If you want to preserve Blaisdell Arena, email SHPD at the addresses below and tell them this historic site is too significant to lose. Retaining the historic character of this building's exterior is possible while still updating the interior. Do this by Oct 5. Or by Oct 19. Who knows

State Historic Preservation Division
Alan Downer, Administrator
601 Kamokila Boulevard, Rm 555
Kapolei, Hawaii 96707-2037

Tanya Gumapac-McGuire, Acting Architecture Branch Chief

Friday, June 21, 2019


Community group opposes use by Hawaii gov't of LRAD device they secretly purchased

These devices don't belong in Hawaii. They can cause permant hearing loss and injury.
From the press release:

HONOLULU, HAWAI‘I - On June 21, 2019, KAHEA: The Hawaiian-Environmental Alliance, through its attorney Lance D. Collins, wrote to Suzanne Case, Chair of the Department of Land and Natural Resources (DLNR) requesting her to publicly renounce the use of its recently procured Long Range Acoustic Device (LRAD), commonly referred to as a “sound cannon.”
    LRADs were developed by military contractors after the bombing of the USS Cole. LRADs are pain inflicting weapons used by the U.S. military to suppress close-range attacks on Navy warships. When mounted aboard a Navy ship, the “area denial” feature emits a “sound at a dangerously high level . . . to cause pain/hearing damage” as well as “repel” an attack on a warship by combatants.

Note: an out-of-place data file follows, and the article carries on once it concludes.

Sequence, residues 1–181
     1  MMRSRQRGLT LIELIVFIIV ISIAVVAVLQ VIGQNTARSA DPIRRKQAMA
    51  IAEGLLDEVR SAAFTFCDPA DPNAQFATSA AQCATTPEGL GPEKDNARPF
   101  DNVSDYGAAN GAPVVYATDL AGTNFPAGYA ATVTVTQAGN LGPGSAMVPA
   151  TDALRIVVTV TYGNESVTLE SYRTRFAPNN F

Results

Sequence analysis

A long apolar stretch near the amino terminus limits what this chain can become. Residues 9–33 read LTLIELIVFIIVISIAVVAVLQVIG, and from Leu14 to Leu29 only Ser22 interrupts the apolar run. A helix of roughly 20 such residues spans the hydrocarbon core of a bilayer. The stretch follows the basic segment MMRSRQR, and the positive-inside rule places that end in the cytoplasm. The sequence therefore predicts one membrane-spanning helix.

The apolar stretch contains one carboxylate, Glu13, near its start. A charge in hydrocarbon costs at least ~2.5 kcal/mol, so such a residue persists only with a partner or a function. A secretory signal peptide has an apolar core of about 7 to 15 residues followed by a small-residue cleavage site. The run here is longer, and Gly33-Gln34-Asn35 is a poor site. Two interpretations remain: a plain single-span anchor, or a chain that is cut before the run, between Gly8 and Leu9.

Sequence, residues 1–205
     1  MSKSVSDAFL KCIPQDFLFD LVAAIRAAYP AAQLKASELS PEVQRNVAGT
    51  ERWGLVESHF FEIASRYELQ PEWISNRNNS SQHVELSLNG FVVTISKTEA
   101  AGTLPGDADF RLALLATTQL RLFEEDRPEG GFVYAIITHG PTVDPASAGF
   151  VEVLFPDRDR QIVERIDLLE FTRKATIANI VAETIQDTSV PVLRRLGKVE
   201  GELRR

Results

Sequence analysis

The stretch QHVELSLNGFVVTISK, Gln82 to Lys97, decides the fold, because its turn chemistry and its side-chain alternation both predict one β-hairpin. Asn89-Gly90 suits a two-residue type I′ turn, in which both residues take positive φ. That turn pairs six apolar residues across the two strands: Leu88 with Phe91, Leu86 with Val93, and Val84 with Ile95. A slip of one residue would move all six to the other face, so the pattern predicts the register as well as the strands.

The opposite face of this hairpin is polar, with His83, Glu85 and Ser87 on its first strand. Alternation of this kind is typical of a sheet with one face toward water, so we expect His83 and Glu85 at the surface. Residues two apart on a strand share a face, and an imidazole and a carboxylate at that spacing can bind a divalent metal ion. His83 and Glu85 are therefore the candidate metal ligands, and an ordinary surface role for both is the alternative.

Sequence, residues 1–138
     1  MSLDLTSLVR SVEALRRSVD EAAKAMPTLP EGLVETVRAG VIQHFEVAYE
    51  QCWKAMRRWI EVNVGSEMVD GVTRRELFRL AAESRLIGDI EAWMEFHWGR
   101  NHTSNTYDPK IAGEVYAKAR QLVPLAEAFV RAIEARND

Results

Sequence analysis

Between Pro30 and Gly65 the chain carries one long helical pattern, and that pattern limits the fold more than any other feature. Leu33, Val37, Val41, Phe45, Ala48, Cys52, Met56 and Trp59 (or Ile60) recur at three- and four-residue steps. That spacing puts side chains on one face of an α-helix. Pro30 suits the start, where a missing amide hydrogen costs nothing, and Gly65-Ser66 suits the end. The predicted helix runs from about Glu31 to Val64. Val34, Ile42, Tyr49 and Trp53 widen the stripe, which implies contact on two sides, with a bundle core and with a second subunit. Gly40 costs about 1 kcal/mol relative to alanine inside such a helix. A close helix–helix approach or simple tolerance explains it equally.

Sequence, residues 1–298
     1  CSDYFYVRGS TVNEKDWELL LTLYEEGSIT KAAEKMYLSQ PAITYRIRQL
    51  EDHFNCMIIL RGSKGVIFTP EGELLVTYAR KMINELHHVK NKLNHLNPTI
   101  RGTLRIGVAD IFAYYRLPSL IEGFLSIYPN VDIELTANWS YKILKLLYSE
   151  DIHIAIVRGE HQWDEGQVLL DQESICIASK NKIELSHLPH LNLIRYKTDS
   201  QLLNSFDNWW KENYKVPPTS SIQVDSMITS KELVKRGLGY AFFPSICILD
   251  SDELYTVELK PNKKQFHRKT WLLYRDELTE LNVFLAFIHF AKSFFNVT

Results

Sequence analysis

Individuals immediately lose balance, experience nausea, dizziness and lack of control over bodily movement. The use of LRAD as a deterrent or dispersant of nonviolent, noncombatant civilians has caused serious and many times permanent bodily injury in a number of cases across the United States since certain law enforcement agencies began using them on noncombatants.
    KAHEA’s attorney pointed to state, federal, and international law provisions under which use of the LRAD against nonviolent demonstrators is unlawful.  “Under federal constitution law,” KAHEA wrote, “the use of this military weapon (the 100X model specifically procured by you) in a manner capable of causing serious and permanent bodily injury to move non-violent demonstrators ‘violates the Fourteenth Amendment under clearly established law.’”
    According to DLNR documents, its LRAD contract is from June 15, 2019 to December 19, 2019 and the justification for the approximately $15,000 purchase of the device is for natural disaster warnings.  KAHEA’s letter, however, notes that an LRAD device was first observed in DLNR officers’ possession during demonstrations on Haleakalā last year and was confirmed only after multiple open records requests by KAHEA were denied.
    KAHEA’s letter requests Case to “immediately and publicly renounce the use of these military weapons against civilian noncombatants seeking to protect natural resources and historic properties anywhere within your department's jurisdiction” and promises to seek the protection of the courts if no such action is taken.